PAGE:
#1
okay. i have writers block and i need a solution. i belive its because im playing stuff that sound almost identical to bands im listening to right now, i think its the key im playing ( C HARMONIC MINOR) so what key should i change to i play in drop C and metal so have to be able to play opens. thanks!
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#3
how would that change anything? because i would still be playing the same notes.
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#4
uh, no you wouldn't. change the tuning, but play at the same frets.

play in drop B or drop A#, those are some real manly tunings.
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#5
Play something different. Improv some blues over a backing track, comp some jazz, work at some new exercises, learn a classic rock solo or country riff. Search for inspiration.
#6
move your hand up or down the fretboard... and keep your positioning the same.

this is called changing keys.

its extremely hard but i think youll get the hang of it.
#7
go look at the goo goo dolls

Try writing in some of their tunings.

if you play around you can get some jazzy sounds, or some of the most beautiful acoustic pieces ever
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#9
Yes, such an awesome idea. Change the guitar tunings and relearn all the notes on the fretboard and relearn all your shapes and relearn how to play chords and relearn how to play guitar. I'm sure you can sound real manly not knowing how to play guitar.

Expand your musical interest. Instead of writing just metal and listening to just metal, try some classical or some jazz or some blues or some latin or anything which you don't usually listen to. Really listen to music and think about what makes that song good.

And maybe it's even simpler than that. Maybe you don't like the tone of your guitar/amp, and maybe you don't even know it.
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        L.
#10
Writers block is a problem. Sometimes u have to leave it and try again another day.
But if change tunnings helps u then probably pick another one of your favorite tunnings or keys and learn from those!!
#11
Chaning the key won't make a difference. All keys are exactly the same thanks to equal temperment tuning. This means that the intervals of each key are the exact same. Back in the day (pre-romantic era), this was not the standard, and some intervals were very un-natural sounding. This is where the idea that each key has its own unique feel to it comes from. It's not true with modern instruments.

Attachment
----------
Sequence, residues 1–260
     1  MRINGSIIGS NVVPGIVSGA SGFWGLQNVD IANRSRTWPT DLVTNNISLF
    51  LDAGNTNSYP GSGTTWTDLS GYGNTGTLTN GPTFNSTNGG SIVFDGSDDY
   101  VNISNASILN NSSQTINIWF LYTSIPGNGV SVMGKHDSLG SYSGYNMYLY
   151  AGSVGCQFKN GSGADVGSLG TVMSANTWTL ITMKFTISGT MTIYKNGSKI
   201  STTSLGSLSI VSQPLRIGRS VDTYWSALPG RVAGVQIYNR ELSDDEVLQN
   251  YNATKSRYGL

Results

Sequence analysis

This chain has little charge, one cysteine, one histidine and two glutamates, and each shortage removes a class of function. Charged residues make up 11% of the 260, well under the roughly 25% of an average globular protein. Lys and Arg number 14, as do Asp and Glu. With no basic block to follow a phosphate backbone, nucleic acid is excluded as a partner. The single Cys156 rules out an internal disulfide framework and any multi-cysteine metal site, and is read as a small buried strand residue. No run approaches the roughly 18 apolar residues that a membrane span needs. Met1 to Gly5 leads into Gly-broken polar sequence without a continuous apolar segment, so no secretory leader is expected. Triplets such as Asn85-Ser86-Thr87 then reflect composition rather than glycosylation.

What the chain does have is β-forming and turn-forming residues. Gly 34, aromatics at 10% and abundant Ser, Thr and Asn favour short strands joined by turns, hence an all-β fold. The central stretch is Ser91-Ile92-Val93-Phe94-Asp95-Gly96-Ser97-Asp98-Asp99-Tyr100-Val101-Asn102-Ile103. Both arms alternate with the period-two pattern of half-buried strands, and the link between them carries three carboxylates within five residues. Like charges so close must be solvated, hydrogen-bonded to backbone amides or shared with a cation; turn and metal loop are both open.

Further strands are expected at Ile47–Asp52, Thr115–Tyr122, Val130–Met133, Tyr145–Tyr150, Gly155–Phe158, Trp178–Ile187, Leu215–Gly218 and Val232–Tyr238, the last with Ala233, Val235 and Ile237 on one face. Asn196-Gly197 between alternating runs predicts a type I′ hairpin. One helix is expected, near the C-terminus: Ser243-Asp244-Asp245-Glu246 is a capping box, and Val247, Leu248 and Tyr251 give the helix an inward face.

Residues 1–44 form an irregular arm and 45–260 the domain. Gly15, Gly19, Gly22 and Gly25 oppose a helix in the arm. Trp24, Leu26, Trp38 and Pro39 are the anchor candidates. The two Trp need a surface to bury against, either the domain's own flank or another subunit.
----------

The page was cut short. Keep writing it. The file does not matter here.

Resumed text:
So, you say you are playing in C Harmonic Minor. This is a scale, not a key. Changing this may open up some new ideas to you, but I doubt it. Try playing in melodic minor, major, or whole tone scales. However, what I think you need to do is open up your listening habits. Turn on some new music that you've never heard before, something that you wouldn't normally listen to. You'll definitely find some inspiration.
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#12
listen to some different genre's analyze the songs and break them down seeing possiblites for songs, then work from there
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#13
i got something for you that could help..
new music

Dream Theater
Kamelot
James LaBrie
Nevermore
Opeth
Rush
Symphony X
Trail of Tears
#14
Quote by Muphin
Chaning the key won't make a difference. All keys are exactly the same thanks to equal temperment tuning. This means that the intervals of each key are the exact same. Back in the day (pre-romantic era), this was not the standard, and some intervals were very un-natural sounding. This is where the idea that each key has its own unique feel to it comes from. It's not true with modern instruments.
Maybe. But I have a theory, one which probably can't be proven, that things sound as they do because of what we are used to hearing. Lets pretend if every evil sound was written in D minor, I think that key will start to sound evil (after many centuries btw). But I'm most likely wrong and an idiot, and you are not wrong and not an idiot. The intervals are the same in each key and you will sound the same harmonically and melodically.

Quote by crzywhiteboy
i got something for you that could help..
new music

Dream Theater
Kamelot
James LaBrie
Nevermore
Opeth
Rush
Symphony X
Trail of Tears
Thats all still metal. I'd suggest some classical or some folk (not just american, but try irish and italian and eastern european) or some blues or some jazz.
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[U]       /|_     `-’       |      [/U]
[U]      //| \      |       |      [/U]
[U]     | \|_ |     |     .-|      [/U]
      *-|-*    (_)     `-’
        |
        L.
#15
what I do for inspiration is I listen to different types of music and improvise over them on the spot.

Look up some free backing tracks on google. Buy a CD of them. Play over some instrumental music (video game, movie, classical, etc), or even jam along with a track...

if your playing too much like the bands you listen to, play along with something you wouldn't normally.

just improvise, and let the music in your head flow out. Remember some of the neat things you end up doing, and write them down. Then use your knowledge of theory to apply them to anything you can think of.

remember -- a neat blues or jazz lick can easily be imported into other styles (same goes for any type of lick really) depending on the context in which they are played (speed, amount of distortion, tone, etc)

I'm assume your listening to metal. I advise moving away from that simply to gain inspiration, and to apply what you learn to metal.
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